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It may feel like workers are at a disadvantage when an employer does something that directly affects their livelihood. If you're a fast food worker in Detroit and you notice your manager pocketing cash from the register, you might not call him out on it for fear of getting fired. Maybe you didn't get hired for that Kalamazoo sales representative position because the company is largely Christian and you're Muslim.
But be assured that you are not powerless. Michigan workers have rights under employment law that empower them against unfair business practices.
Employment law covers a multitude of topics, including worker's compensation, workplace discrimination, vacation and overtime, unemployment benefits and more. Your employment dispute is often affected by federal, state and local laws simultaneously. Michigan employment law attorneys are experienced with the delicacy and complexity of work-related cases and can help protect your rights.
Getting fired or let go from your job can leave you emotional and looking for justice. Michigan is an at-will employment state, meaning that your employer could terminate you for any reason at any time. However, your employer can be held accountable for your termination if their motivation violated state or federal law.
For instance, if you were fired because your coworker harassed you and you reported it to your manager, you could have a wrongful termination case.
Wrongful termination is a common employment law issue in Michigan. Employers usually wrongfully terminate their workers in retaliation for lawful employee conduct that may harm unlawful business practices. They also wrongfully terminate workers for discriminatory or personal reasons.
The Fair Labor Standards Act, the Michigan Whistleblowers Protection Act and the Michigan Civil Rights Commission define laws that protect employee rights from discrimination and retaliation in wrongful termination cases.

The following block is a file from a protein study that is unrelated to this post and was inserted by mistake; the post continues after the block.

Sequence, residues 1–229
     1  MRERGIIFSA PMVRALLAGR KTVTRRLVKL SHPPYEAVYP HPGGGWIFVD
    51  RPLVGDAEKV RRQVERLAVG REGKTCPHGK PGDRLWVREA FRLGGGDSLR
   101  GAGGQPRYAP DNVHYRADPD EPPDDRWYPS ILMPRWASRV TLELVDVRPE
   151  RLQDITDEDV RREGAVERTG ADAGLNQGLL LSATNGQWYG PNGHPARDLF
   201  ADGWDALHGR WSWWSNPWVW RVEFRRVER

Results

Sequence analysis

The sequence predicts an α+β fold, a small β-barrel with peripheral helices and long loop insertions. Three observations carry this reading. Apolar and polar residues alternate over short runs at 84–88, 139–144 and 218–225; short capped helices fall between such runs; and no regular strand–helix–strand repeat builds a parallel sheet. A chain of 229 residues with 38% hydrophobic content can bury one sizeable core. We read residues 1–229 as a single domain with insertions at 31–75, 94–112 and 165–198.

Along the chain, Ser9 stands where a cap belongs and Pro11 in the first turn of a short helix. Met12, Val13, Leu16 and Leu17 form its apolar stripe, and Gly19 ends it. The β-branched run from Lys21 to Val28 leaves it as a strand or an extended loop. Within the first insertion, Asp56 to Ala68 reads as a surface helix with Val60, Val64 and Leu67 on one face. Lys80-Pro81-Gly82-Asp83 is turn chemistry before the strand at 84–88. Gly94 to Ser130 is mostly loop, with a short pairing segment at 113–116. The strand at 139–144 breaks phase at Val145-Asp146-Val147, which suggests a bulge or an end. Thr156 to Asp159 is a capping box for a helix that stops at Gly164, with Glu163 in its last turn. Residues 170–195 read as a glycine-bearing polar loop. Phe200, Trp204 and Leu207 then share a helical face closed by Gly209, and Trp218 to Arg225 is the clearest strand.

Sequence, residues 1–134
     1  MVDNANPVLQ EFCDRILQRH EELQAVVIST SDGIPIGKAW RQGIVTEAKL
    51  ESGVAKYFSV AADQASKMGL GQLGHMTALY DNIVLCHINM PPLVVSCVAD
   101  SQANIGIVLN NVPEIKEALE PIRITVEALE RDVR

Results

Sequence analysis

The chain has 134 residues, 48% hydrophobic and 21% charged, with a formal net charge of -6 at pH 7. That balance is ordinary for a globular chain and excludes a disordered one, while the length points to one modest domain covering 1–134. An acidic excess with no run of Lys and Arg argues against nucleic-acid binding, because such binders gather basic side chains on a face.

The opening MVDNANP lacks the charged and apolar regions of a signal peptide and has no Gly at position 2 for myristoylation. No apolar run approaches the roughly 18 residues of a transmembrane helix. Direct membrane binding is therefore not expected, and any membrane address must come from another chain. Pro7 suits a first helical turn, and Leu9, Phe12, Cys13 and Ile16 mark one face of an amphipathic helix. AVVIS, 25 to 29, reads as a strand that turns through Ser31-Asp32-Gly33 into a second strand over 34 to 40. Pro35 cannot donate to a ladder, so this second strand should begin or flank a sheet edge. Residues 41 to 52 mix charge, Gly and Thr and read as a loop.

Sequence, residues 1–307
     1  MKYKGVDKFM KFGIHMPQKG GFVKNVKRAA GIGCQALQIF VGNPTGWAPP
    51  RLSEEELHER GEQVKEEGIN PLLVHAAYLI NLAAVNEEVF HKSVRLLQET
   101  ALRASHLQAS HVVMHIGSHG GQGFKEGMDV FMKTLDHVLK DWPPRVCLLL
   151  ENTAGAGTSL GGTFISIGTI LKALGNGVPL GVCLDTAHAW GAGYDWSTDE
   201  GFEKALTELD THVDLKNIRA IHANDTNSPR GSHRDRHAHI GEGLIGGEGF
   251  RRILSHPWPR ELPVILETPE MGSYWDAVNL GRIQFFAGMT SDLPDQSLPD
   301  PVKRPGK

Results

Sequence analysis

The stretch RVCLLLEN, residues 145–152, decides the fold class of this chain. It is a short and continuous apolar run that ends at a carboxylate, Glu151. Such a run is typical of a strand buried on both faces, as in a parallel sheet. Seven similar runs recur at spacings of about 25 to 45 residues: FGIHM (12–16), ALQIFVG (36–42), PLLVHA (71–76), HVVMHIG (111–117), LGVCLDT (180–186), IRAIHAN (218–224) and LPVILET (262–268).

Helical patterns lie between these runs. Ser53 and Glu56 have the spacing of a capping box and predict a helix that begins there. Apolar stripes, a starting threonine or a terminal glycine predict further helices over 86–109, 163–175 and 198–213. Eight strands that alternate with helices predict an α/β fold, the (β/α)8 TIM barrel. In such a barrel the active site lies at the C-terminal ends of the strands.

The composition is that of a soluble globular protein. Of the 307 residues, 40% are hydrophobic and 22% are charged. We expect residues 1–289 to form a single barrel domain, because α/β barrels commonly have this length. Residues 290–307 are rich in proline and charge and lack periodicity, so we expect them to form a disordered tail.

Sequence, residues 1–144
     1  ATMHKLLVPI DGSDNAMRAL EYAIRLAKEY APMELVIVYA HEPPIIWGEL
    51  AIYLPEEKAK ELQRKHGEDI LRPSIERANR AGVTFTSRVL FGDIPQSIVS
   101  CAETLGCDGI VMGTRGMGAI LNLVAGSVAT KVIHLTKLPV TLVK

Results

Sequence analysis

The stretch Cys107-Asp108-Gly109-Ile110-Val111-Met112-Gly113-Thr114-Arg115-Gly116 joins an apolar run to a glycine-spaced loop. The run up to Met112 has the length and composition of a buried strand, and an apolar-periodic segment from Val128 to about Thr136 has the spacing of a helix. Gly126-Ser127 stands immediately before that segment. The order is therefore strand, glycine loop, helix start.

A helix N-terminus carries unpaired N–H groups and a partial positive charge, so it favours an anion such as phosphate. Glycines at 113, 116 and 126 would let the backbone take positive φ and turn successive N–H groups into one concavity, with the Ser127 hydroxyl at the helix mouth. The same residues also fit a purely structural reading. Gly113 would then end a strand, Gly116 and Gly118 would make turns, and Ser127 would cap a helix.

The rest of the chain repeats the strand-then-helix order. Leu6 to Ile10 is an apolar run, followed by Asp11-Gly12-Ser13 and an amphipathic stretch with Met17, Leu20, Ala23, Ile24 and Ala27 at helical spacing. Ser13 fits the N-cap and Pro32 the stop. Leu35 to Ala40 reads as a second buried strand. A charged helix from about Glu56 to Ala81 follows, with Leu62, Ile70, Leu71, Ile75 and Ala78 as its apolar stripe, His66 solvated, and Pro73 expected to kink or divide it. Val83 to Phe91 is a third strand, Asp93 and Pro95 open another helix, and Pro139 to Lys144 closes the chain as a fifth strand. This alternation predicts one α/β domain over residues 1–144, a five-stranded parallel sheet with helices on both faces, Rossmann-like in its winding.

As of January 2017, Michigan's state minimum wage is $8.90/hour. The minimum wage will increase again to $9.25/hour by January 2018 as a result of the Workforce Opportunity Wage Act.
Most Michigan employees can earn overtime pay rate of time and a half for working over 40 hours in a week or more than eight hours a day. Certain employees are exempt from receiving overtime, including:
For a complete list of exempted workers, see the Workforce Opportunity Wage Act § 408.414a, subsection 4.
If you or a loved one is involved in an employment law dispute, it's in your best interests to consult with an attorney. Employment law is a broad, complicated legal area with federal and state laws at play. An experienced Michigan employment law attorney can help protect your legal rights.
This article is intended to be helpful and informative. But even common legal matters can become complex and stressful. A qualified employment lawyer can address your particular legal needs, explain the law, and represent you in court. Take the first step now and contact an attorney in your area from our directory to discuss your specific legal situation.